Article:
Wednesday, November 1, 2023

WWII Wreck Discovered with 1,000 Australian Casualties Found by Explorers


The SS Montevideo Maru, a Japanese transport ship that was torpedoed by a US submarine in 1942, has been located by deep-sea explorers. The ship was carrying over 1,000 prisoners of war, including nearly 1,000 Australian citizens, when it was sunk off the coast of the Philippines. The location of the wreck had remained a mystery for over 80 years until it was discovered by the maritime archaeology group Silentworld Foundation. The vessel was found at a depth of more than 4 km (2.5 miles) and the discovery comes ahead of April 25 commemorations for Anzac Day, a major day of remembrance in Australia and New Zealand for their troops killed in all military conflicts.

The sinking of the Montevideo Maru was Australia’s worst maritime disaster, killing an estimated 979 Australian citizens including at least 850 soldiers. Civilians from 13 other countries were also on board, bringing the total number of prisoners killed to about 1,060. The crew of the US submarine that sank the ship were unaware that it was carrying prisoners of war.

Australia’s Prime Minister Anthony Albanese expressed his relief at the discovery of the wreck in a tweet, saying “At long last, the resting place of the lost souls of the Montevideo Maru has been found. Among the 1,060 prisoners on board were 850 Australian service members – their lives cut short.” He added that he hoped the news would bring comfort to loved ones who have kept a long vigil.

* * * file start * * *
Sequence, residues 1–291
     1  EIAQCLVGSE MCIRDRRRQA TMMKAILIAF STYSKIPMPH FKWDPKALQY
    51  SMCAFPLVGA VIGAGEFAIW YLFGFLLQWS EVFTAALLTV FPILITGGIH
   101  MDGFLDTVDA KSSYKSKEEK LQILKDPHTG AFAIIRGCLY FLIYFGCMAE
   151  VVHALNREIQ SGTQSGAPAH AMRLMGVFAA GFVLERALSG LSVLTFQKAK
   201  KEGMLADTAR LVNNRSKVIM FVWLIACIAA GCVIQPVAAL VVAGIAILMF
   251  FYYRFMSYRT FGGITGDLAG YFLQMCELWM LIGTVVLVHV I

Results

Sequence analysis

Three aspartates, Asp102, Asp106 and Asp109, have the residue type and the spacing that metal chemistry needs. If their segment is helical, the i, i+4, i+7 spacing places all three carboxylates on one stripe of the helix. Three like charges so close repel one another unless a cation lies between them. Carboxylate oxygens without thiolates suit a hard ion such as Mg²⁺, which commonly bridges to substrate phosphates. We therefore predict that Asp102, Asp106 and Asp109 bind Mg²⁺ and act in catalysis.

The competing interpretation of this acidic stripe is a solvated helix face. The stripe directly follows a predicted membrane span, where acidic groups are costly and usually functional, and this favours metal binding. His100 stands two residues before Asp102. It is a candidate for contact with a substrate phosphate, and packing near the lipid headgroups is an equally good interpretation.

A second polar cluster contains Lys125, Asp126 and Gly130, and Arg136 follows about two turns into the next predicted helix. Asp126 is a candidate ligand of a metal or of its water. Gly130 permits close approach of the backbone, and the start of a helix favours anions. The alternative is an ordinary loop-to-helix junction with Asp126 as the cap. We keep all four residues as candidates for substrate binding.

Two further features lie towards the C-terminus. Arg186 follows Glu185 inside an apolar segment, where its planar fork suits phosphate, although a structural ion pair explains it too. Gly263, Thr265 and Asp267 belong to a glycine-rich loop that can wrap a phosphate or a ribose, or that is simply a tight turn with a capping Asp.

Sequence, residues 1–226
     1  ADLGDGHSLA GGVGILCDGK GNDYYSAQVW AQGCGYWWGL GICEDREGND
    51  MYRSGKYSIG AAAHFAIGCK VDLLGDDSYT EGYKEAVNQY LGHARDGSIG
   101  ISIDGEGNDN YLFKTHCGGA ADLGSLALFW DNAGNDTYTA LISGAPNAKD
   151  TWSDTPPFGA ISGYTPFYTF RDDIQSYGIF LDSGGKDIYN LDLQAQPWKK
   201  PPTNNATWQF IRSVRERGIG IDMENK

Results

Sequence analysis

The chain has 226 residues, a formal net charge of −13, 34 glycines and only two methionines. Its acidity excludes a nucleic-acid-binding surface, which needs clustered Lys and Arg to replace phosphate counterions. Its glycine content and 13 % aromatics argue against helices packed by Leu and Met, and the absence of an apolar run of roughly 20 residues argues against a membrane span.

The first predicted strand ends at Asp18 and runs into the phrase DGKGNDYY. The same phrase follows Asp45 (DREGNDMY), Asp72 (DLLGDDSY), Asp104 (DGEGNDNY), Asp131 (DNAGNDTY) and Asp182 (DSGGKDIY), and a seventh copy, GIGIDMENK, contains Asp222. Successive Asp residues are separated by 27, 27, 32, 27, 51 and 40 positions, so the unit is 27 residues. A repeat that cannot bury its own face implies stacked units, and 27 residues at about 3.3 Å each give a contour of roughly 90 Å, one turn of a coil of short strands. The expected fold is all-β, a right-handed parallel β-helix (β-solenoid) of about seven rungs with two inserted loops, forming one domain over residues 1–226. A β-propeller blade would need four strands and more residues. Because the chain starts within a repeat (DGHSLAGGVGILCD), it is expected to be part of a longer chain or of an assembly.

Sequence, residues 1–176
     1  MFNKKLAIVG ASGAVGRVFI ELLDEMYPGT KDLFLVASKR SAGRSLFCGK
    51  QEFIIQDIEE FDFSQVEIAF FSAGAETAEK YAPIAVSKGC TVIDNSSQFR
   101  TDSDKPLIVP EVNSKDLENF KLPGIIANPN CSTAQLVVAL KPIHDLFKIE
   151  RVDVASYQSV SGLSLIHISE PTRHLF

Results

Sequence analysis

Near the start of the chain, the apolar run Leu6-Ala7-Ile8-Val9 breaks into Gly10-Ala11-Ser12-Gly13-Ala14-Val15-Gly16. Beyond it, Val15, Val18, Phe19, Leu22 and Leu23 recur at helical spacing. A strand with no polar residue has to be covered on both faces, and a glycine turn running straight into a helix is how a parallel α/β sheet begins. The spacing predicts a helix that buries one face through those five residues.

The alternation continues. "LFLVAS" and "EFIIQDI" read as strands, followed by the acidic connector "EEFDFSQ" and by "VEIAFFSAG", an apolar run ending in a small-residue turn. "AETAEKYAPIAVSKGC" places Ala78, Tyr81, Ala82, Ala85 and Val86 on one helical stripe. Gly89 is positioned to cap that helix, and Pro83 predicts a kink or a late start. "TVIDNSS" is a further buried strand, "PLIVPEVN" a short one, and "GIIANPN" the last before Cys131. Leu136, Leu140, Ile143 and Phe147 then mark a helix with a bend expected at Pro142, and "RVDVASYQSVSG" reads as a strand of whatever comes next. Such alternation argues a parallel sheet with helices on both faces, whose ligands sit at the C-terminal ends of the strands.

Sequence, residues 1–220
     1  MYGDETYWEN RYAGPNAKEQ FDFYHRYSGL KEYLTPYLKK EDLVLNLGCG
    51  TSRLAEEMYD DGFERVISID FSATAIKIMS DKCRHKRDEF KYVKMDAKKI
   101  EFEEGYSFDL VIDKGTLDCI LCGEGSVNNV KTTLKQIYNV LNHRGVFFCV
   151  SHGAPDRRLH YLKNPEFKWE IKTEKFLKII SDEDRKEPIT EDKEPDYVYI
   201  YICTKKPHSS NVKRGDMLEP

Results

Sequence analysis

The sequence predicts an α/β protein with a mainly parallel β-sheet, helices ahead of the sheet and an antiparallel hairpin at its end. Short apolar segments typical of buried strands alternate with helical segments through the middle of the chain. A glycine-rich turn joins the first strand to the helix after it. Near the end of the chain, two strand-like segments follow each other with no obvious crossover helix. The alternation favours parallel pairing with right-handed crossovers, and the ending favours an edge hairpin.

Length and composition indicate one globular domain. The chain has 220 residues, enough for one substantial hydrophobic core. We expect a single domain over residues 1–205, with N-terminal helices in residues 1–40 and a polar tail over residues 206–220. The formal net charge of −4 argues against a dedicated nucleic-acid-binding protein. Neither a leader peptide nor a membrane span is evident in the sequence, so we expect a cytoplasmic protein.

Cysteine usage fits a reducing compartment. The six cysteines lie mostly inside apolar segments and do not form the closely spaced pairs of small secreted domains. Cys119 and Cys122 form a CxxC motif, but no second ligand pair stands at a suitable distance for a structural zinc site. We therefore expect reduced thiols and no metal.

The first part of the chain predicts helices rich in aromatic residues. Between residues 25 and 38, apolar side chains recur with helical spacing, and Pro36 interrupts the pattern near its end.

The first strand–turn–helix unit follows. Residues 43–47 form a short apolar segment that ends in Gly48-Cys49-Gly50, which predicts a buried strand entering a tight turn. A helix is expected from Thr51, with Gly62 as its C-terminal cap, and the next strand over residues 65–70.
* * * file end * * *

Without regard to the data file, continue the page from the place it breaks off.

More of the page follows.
Australia’s Defence Minister Richard Marles also commented on the discovery, saying “This brings to an end one of the most tragic chapters in Australia’s maritime history. The absence of a location of the Montevideo Maru has represented unfinished business for the families of those who lost their lives until now.”

The Silentworld Foundation, which organised the mission to locate the wreck, used high-tech equipment including an autonomous underwater vehicle with sonar to make the positive sighting just 12 days after beginning the search. John Mullen, director of the foundation, said “The discovery of the Montevideo Maru closes a terrible chapter in Australian military and maritime history. We’re looking at the gravesite of over 1,000 people. We lost nearly twice as many [Australians] as in the whole of the Vietnam War, so it’s extraordinarily significant for families and descendants.”

The discovery of the Montevideo Maru comes as a relief to the families of those who lost their lives in the tragedy and provides closure for a tragic chapter in Australia’s maritime history. The find also serves as a reminder of the sacrifices made by those who served their country during times of war.

Latest stories